Queen's Own West Kent Yeomanry
|Queen's Own West Kent Yeomanry|
Cap badge of the Queen's Own West Kent Yeomanry
World War One
World War Two
World War One
World War Two
|Motto||"Liberty, Loyalty, Property"|
The English Queen's Own West Kent Yeomanry can trace its origins to 1794 when local volunteer troops were raised to assist the civil powers. Each troop was about 50 strong with three officers (Captain, Lieutenant, Cornet), they were required to provide their own uniforms and mounts while the government would supply their arms and ammunition.
In 1827 the government disbanded the Yeomanry Regiments in those districts where they had not been mobilised in the previous 10 years. The Kent Regiment was stood down and their equipment returned to the regular army. But for this gap in service, the Kent Yeomanry formations would have been the most senior Yeomanry Regiments in the country in terms of the date of acceptance of its senior troop - the Cinque Ports Cavalry.
In 1830 the West Kent Yeomanry was reformed and in 1864 the West Kent Yeomanry was awarded the title Queen's Own and became known as the Queen's Own West Kent Yeomany.
On December 13, 1899, the decision to allow volunteer forces serve in the Second Boer War was made. Due to the string of defeats during Black Week in December 1899, the British government realized they were going to need more troops than just the regular army, thus issuing a Royal Warrant on December 24, 1899. This warrant officially created the Imperial Yeomanry.
The Royal Warrant asked standing Yeomanry regiments to provide service companies of approximately 115 men each. In addition to this, many British citizens (usually mid-upper class) volunteered to join the new regiment. Although there were strict requirements, many volunteers were accepted with substandard horsemanship/marksmanship, however they had significant time to train while awaiting transport.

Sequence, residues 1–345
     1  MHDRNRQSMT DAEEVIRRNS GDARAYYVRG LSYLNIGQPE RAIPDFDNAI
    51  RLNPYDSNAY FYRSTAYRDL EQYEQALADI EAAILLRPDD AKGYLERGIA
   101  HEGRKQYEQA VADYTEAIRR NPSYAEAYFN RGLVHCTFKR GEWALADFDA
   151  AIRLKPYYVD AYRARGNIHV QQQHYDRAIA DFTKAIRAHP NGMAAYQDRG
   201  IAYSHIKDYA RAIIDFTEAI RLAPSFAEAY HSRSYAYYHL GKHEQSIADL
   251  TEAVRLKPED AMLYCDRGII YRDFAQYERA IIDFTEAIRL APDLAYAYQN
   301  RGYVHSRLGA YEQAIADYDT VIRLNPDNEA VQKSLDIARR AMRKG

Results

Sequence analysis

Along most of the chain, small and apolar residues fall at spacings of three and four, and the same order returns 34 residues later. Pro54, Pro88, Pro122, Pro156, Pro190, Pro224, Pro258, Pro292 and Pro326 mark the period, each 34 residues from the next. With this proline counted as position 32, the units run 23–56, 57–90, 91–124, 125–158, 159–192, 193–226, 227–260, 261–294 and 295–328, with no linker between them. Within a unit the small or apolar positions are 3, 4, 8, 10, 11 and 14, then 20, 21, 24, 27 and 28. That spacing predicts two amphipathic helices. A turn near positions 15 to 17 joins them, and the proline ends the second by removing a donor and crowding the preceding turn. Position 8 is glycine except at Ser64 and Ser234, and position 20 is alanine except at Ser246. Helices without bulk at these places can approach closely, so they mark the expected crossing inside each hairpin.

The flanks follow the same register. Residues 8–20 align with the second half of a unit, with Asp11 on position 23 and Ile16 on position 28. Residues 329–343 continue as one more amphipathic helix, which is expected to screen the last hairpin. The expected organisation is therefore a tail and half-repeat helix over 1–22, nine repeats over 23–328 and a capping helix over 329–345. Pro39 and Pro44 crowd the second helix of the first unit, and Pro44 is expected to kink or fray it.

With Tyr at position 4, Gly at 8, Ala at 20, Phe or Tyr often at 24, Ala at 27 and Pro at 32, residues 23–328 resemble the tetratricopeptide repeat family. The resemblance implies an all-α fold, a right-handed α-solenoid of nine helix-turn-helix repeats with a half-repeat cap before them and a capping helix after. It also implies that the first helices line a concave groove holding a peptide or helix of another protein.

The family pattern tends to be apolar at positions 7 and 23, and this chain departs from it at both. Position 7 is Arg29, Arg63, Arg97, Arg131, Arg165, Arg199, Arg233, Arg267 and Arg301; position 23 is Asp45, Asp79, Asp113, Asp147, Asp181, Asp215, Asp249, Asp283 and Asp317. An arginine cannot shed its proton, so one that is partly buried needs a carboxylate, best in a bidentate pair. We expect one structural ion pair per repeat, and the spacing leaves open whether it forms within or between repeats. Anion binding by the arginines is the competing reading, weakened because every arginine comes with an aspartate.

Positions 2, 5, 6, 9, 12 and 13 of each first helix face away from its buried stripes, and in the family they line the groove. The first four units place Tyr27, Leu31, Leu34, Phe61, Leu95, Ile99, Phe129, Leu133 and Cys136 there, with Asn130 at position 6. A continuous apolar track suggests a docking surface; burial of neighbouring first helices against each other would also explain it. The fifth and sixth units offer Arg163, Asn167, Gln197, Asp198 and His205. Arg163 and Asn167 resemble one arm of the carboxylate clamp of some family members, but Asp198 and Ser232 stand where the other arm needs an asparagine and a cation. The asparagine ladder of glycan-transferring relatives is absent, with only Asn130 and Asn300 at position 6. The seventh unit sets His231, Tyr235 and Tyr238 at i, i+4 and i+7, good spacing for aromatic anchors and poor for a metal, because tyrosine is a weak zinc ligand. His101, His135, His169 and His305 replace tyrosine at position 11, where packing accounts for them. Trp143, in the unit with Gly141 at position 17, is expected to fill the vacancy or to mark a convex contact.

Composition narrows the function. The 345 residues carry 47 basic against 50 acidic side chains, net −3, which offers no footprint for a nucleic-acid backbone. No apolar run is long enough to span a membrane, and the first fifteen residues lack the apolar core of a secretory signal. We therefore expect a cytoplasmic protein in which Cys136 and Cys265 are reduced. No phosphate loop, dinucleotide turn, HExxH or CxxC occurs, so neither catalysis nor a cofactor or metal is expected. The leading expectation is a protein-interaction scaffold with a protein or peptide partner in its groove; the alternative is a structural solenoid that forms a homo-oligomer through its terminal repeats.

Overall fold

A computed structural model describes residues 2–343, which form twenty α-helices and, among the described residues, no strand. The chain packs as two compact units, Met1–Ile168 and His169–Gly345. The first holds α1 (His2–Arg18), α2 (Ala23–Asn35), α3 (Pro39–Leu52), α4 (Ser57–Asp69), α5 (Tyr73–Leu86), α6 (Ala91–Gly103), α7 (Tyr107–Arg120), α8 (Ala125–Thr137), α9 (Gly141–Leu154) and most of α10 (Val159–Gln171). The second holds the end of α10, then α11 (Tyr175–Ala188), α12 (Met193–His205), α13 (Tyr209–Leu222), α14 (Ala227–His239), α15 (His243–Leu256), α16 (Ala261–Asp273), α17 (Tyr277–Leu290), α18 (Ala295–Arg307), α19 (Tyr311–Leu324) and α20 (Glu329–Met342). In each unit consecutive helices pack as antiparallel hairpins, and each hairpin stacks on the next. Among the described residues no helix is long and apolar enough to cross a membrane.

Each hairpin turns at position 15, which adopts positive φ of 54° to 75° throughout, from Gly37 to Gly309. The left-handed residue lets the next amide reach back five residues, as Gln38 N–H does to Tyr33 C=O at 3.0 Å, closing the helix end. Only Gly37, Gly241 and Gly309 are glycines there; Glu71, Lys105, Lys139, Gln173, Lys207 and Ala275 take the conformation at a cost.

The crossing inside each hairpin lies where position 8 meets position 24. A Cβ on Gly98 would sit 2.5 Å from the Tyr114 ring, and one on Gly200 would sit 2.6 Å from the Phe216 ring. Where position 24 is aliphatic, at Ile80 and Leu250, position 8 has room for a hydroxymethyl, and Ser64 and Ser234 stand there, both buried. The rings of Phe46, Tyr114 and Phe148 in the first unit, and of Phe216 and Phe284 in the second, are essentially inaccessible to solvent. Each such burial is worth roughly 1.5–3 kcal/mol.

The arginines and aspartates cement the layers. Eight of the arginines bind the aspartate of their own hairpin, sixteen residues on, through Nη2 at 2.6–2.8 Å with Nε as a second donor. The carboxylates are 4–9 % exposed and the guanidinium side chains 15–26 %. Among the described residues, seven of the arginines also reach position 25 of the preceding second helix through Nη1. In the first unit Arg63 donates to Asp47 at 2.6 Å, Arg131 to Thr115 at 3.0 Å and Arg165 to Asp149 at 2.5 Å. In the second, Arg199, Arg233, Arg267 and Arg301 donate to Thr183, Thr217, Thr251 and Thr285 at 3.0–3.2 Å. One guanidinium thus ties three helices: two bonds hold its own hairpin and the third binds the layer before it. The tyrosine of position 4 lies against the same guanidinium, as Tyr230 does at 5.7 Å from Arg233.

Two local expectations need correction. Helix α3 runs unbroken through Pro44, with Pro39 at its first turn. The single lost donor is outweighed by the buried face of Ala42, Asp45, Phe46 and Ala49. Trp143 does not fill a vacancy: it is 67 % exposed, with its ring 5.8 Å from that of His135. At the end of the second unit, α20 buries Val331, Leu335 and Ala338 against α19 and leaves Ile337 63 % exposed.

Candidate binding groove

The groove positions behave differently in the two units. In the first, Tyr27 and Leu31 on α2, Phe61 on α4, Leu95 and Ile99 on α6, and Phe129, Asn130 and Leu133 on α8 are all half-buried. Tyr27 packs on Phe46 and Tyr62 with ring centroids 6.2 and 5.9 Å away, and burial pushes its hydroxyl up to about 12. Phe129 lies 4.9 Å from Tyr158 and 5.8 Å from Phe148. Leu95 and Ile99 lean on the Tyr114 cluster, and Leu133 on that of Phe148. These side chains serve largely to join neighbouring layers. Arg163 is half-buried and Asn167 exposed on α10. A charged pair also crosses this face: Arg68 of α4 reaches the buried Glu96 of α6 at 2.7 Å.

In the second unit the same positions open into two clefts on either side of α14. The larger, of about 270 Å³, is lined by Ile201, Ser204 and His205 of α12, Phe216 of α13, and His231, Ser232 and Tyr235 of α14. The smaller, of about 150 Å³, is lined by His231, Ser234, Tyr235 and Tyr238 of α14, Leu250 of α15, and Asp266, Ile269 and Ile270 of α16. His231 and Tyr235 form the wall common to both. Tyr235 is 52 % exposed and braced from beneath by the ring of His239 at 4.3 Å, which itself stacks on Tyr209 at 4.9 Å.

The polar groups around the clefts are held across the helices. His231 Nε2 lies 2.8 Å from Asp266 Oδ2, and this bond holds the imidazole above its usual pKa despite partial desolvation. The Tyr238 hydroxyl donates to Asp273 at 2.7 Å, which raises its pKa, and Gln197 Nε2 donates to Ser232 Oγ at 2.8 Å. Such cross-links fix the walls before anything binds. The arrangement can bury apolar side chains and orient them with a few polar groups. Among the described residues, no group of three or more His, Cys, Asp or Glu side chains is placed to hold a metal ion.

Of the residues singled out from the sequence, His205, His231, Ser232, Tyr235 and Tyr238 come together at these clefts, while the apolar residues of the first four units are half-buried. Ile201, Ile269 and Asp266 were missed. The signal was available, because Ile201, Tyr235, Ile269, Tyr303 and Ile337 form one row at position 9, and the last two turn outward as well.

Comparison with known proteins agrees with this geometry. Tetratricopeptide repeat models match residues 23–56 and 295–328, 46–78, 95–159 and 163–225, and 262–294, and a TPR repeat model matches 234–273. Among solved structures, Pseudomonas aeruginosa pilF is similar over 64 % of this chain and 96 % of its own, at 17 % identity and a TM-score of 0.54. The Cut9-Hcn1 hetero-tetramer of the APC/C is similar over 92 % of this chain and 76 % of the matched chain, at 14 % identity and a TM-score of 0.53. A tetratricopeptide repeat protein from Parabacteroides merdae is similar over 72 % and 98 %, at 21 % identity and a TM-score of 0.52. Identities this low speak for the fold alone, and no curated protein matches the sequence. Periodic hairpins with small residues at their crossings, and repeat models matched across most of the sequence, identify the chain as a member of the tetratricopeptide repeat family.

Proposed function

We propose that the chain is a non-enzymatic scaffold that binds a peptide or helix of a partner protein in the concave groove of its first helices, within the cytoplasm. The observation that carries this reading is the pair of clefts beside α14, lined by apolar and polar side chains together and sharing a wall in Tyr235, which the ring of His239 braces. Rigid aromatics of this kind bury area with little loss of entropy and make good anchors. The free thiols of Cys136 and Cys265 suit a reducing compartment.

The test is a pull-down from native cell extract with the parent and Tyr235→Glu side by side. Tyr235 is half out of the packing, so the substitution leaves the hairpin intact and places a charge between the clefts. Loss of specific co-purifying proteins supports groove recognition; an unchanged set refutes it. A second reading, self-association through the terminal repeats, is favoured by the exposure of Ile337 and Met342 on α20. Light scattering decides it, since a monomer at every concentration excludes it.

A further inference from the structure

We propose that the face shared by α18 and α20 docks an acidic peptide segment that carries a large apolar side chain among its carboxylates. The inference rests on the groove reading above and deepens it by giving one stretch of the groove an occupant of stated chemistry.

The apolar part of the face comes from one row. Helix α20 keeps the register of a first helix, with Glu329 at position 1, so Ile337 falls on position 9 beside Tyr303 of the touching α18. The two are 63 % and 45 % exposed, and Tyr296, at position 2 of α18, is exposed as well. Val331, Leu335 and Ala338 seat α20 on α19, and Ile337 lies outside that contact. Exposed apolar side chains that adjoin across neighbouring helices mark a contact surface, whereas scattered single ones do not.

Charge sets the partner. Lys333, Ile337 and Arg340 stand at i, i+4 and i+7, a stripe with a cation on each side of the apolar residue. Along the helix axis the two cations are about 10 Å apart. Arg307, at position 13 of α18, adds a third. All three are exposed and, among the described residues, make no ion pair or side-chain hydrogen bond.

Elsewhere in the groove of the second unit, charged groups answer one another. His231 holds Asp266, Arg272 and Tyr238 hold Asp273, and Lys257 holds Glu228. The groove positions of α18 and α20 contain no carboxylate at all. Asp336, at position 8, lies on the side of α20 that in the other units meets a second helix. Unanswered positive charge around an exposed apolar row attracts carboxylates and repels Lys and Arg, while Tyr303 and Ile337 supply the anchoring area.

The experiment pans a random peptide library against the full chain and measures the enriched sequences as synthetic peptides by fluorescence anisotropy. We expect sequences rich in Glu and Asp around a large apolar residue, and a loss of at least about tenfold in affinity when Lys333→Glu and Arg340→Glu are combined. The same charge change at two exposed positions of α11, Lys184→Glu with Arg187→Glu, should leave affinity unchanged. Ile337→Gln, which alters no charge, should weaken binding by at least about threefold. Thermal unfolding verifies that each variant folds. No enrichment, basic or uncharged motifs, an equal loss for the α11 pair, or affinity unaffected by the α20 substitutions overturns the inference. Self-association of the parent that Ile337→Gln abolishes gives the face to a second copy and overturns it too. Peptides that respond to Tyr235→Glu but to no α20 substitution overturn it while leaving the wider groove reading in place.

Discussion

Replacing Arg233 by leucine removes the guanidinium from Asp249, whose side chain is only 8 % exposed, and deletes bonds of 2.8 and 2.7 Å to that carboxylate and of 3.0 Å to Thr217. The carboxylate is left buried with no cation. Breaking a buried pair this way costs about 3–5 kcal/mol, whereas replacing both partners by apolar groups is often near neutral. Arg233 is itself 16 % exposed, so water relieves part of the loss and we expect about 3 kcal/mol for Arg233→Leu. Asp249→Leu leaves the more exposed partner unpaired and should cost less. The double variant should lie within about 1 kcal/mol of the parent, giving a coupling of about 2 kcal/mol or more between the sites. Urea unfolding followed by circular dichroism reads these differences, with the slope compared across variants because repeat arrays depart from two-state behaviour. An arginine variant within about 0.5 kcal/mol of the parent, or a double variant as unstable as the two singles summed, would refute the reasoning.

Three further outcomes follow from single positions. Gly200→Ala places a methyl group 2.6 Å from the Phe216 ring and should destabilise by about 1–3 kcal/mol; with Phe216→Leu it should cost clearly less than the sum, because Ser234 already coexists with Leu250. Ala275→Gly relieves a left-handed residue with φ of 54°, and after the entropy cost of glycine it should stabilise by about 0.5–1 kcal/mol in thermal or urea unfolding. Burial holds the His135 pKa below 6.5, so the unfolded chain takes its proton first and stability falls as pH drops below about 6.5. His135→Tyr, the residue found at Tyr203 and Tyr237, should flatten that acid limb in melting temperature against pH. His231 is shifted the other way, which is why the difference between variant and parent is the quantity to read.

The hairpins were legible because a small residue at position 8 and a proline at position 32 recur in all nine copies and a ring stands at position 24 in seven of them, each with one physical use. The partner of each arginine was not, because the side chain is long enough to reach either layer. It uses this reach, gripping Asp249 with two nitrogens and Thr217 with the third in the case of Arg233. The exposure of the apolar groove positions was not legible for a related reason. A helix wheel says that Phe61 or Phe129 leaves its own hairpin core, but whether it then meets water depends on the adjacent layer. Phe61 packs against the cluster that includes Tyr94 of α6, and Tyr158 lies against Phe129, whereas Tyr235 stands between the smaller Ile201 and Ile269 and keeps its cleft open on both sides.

The first contingent of recruits contained 550 officers, 10,371 men with 20 battalions and four companies, which arrived in South Africa between February and April, 1900. Upon arrival, the regiment was sent throughout the zone of operations.
The Queen's Own West Kent Yeomanry provided troops for the 36th Company, 9th Battalion.
World War I
During World War One the Queen's Own West Kent Yeomanry supplied three regiments for service the original regiment became known as the 1/1st Queen's Own West Kent Yeomanry, the second line regiment was the 2/1st and the third line regiment the 3/1st
1/1st Queen's Own West Kent Yeomanry
The 1/1st Queen's Own West Kent Yeomanry was placed in the South Eastern Mounted Brigade. On the outbreak of war in August 1914 they were sent to the Canterbury area where they contributed to the Kent coastal defences. In September 1915 they sailed for Gallipoli and the Dardanelles Campaign against Turkey, here they were dismounted and served as infantry. In March 1917 they were amalgamated with the 1/1st Royal East Kent Yeomanry and formed the 10th (Yeomanry) Battalion, The Buffs. The 10th Buffs was attached to the 74th (Yeomanry) Division, and participated in General Allenby's successful Palastine offensive against the Turkish Army and took part in the Second Battle of Gaza and the Battle of Beersheba on 31 October 1917. In December 1917 the 10th Buffs played a major part in the capture of Jerusalem. In July 1918 they were moved to France and took part in the action at Merville on the Somme. After the War the 10th (Yeomanry) Battalion, The Buffs was disbanded.
2/1st Queen's Own West Kent Yeomanry
The 2/1st Queen's Own West Kent Yeomanry was formed in September 1914, they converted to a cyclist unit in October 1916 they remained in the United Kingdom until April 1918 when they were moved to Ireland. They ended the war in Ireland and did not see any active service.